The Senate is returning next week, and all indications are that the filibuster against Chuck Hagel will be defeated, filling an important cabinet vacancy. It’s not clear yet how successful the filibuster against Treasury Secretary Jack Lew will be, but that nomination too will continue to move forward.
However, there is no nominee for Secretary of Labor. There is no nominee for Secretary of Energy. There is no nominee for Secretary of Commerce, which has been open since June. There’s no nominee to head the Office of Management and Budget, either; that critical post opened up when Jack Lew became White House Chief of Staff in January, and it’s still open as he leaves that job a year later. And that’s just the most prominent staff positions: There are plenty more open spots for which the president hasn’t yet named anyone.
Meanwhile, there are also dozens of judicial vacancies without a nominee, including nine Appeals Court spots. Just to take the most glaring: while Obama has named picks for the two DC Circuit Court vacancies that have been open since before he was president (yes, before), he hasn’t named replacements for the two other DC Circuit spots.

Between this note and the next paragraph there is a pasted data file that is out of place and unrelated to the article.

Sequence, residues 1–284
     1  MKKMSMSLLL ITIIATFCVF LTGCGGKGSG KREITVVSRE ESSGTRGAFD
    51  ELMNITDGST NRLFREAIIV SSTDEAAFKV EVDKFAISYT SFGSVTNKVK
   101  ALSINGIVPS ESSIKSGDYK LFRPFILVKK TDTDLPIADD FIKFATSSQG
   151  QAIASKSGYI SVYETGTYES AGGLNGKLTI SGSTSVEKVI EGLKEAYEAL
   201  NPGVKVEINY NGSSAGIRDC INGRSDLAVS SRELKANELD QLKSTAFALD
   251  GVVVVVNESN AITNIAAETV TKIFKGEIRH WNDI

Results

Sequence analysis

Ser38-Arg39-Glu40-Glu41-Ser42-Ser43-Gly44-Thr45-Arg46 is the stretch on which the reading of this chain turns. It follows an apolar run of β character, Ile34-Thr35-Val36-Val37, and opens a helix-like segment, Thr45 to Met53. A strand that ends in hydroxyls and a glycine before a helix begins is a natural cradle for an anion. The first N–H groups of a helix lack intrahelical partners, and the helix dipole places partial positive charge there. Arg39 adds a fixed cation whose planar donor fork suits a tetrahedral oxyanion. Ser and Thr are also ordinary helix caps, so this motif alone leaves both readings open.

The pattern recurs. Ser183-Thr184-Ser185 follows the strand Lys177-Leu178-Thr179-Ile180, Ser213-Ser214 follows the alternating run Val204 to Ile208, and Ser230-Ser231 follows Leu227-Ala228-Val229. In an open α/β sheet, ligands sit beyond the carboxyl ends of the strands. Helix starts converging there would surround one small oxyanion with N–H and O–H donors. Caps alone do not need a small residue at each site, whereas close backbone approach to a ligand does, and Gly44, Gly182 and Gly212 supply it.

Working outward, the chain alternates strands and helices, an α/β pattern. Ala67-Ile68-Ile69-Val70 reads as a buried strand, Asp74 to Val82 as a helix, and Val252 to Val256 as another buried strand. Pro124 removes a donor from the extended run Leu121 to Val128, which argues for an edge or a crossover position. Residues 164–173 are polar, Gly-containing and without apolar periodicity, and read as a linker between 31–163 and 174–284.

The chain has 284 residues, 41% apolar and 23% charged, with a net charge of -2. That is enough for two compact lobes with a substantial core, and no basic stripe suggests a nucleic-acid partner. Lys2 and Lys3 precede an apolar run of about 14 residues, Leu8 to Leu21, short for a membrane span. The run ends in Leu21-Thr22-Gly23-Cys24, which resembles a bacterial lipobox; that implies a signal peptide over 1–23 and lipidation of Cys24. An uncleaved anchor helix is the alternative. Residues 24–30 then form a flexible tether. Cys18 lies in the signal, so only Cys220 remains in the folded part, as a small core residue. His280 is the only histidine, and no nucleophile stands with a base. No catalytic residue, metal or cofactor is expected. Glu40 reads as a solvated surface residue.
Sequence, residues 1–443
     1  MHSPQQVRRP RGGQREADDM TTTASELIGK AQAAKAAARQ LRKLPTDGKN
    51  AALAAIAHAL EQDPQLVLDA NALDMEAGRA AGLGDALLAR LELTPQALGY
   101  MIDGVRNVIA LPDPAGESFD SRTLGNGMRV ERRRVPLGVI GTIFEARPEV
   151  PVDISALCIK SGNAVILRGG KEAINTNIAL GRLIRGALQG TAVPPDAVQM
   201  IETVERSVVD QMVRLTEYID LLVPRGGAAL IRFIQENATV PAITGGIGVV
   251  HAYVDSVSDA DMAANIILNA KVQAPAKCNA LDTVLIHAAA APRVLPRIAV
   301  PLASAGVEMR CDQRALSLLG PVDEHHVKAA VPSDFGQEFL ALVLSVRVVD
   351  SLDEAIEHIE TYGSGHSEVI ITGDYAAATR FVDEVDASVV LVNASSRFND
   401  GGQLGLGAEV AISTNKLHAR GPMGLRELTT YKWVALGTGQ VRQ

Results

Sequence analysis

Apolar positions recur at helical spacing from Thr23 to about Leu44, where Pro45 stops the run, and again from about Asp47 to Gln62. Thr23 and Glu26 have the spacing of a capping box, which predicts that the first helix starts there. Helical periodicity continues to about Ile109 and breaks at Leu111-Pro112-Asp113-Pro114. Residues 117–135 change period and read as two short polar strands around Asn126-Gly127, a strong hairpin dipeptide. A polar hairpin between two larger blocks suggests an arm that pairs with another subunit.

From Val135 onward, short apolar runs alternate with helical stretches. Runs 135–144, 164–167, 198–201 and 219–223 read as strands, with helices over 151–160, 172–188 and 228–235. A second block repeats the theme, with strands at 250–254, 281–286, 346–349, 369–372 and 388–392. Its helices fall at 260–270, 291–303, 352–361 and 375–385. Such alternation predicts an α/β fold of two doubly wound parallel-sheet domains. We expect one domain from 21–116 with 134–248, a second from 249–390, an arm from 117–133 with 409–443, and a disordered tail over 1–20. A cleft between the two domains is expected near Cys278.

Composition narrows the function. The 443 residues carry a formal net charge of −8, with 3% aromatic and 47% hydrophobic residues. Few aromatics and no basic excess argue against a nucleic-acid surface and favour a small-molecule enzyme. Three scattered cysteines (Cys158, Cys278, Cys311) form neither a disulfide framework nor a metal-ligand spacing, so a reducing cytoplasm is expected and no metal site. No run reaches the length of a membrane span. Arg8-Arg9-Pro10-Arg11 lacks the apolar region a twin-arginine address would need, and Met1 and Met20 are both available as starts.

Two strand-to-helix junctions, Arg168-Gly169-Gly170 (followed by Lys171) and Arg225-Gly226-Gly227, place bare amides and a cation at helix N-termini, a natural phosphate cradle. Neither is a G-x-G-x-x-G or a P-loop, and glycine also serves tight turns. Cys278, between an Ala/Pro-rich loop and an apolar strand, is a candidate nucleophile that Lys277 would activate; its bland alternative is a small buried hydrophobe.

Granted, to some extent, the Senate can be at fault for what appears to be White House foot-dragging. But overall, filling these positions just hasn’t seemed to be a high priority for the Obama Administration. In my view, it’s the biggest mistake of his presidency. It means that his influence on the bureaucracy and on the judiciary simply won’t be as strong as it could be — and that neither the executive nor the judicial branch of government will be running at peak performance.
The bottom line is that if the president doesn’t make these things priorities, they won’t happen. And as far as anyone can tell, Barack Obama isn’t making them his priority — which means he’s voluntarily squandering a fair percentage of his own presidency. It’s bad for him, bad for those who elected him, and bad for the nation.